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  #1  
Old Posted Jul 12, 2014, 8:43 PM
bryantm3 bryantm3 is offline
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LED lights are bright, but decisions around their installation are made in the dark

Hey guys, I wrote this op/ed for CL a couple of weeks ago. I don't think people are paying attention to this issue as much as they should. Long story short, if they had started installing these lights in Buckhead, you would be hearing a *lot* of complaints.

http://clatl.com/freshloaf/archives/...-big-questions



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  #2  
Old Posted Jul 12, 2014, 11:49 PM
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tascalisa tascalisa is offline
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We have LED streetlights on our major highways in Tuscaloosa, but they're no where near as bright as these seem to be. But, these do look more like the neighborhood street lamps that we have on campus at UA, and they are pretty obnoxious at night if you're trying to sleep next to a window.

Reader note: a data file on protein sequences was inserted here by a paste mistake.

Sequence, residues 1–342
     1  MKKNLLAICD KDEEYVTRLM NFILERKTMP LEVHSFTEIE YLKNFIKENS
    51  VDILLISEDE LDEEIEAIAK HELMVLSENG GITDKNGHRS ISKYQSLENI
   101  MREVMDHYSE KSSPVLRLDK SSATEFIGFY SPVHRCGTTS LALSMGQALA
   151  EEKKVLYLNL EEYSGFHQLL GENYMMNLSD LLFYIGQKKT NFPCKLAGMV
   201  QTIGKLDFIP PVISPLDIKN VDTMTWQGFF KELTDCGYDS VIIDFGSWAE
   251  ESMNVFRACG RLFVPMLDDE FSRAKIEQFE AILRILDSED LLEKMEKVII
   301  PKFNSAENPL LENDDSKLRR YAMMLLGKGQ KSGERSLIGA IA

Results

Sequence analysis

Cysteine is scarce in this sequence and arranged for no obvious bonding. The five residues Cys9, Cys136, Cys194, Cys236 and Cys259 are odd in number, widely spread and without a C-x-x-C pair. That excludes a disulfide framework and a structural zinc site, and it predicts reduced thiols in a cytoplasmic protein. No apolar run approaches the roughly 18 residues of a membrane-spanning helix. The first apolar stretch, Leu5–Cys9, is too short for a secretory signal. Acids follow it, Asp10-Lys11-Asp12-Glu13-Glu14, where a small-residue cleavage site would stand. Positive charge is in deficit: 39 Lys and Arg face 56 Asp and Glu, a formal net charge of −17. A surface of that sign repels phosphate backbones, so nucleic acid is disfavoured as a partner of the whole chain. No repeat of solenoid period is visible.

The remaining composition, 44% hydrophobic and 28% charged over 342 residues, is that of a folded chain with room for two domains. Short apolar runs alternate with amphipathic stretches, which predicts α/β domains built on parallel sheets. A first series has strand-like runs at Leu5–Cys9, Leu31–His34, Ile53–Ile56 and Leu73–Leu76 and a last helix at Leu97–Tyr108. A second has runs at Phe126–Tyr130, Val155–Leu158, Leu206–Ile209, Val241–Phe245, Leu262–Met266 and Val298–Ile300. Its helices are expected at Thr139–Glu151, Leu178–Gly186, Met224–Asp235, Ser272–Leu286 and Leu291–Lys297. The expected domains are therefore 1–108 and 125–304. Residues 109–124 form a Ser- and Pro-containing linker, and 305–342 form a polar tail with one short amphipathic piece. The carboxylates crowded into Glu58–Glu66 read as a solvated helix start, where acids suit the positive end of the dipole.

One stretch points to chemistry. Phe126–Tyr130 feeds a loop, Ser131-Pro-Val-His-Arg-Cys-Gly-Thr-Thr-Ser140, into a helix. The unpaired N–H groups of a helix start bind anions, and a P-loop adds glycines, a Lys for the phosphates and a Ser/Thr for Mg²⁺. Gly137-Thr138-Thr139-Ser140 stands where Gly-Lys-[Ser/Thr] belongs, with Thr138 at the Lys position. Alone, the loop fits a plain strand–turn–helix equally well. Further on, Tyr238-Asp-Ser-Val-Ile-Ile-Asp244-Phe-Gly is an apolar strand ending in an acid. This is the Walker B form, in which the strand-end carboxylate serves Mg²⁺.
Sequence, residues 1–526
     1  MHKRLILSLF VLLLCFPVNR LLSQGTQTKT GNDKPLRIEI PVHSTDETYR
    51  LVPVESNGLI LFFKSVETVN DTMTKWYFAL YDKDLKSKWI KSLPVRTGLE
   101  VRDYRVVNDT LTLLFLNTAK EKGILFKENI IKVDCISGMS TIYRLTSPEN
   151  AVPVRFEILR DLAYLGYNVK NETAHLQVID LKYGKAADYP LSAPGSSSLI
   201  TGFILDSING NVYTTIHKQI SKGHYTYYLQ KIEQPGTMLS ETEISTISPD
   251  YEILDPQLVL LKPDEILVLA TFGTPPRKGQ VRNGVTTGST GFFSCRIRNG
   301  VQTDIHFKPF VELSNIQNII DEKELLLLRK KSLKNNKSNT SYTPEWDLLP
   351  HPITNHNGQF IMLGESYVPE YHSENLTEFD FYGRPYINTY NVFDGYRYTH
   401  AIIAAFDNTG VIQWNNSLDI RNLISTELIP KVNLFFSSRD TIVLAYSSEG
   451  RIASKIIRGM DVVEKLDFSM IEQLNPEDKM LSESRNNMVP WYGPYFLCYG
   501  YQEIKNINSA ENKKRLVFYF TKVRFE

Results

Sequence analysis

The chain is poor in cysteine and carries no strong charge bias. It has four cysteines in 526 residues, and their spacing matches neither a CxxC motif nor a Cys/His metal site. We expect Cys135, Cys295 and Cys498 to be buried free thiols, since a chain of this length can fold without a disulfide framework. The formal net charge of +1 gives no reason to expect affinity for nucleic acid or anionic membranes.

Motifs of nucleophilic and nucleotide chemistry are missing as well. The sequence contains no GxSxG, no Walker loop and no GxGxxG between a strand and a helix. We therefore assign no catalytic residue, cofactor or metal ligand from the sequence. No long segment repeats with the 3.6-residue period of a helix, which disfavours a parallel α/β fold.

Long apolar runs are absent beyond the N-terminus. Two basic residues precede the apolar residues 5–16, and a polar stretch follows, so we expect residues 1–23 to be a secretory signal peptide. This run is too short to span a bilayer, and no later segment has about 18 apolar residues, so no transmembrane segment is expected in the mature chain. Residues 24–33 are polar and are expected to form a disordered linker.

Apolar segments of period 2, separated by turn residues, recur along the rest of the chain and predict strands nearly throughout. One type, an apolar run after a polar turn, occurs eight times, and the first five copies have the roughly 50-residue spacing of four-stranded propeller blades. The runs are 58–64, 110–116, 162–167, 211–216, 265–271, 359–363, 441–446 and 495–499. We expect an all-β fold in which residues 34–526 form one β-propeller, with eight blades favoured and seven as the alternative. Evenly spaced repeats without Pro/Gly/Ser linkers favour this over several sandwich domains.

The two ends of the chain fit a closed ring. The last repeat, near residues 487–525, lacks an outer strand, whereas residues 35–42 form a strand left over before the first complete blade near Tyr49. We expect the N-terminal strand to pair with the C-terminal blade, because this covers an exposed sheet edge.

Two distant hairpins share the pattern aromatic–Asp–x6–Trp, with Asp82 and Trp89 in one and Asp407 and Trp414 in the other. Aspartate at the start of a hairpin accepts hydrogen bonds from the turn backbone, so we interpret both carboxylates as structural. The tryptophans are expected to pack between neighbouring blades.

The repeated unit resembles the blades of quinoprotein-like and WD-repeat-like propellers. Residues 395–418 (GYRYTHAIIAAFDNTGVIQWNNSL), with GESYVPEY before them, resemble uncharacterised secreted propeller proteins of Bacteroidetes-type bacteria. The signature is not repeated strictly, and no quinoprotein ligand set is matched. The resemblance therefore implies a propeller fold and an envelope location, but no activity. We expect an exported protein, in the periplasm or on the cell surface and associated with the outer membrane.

This is what our highway street lights look similar to, they're faced directly down.

Source: www.hero-ledstore.com
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  #3  
Old Posted Jul 13, 2014, 1:51 AM
bryantm3 bryantm3 is offline
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believe it or not, those *are* pointed directly down. they are just that bright.

do you have any photos of the ones lining the freeways over in tuscaloosa? i'd like to see those; maybe they're a lot better than what we're getting.
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  #4  
Old Posted Jul 14, 2014, 1:57 PM
arjay57 arjay57 is offline
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Those LED lights do seem painfully bright. I wouldn't want one outside my bedroom window.

How DO they decide where to put them?
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  #5  
Old Posted Jul 14, 2014, 11:18 PM
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tascalisa tascalisa is offline
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I'll see if I can take a picture sometime, bryant. Don't have my car right now, so I can't really access the main highways without walking through traffic.
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  #6  
Old Posted Jul 15, 2014, 5:34 AM
bryantm3 bryantm3 is offline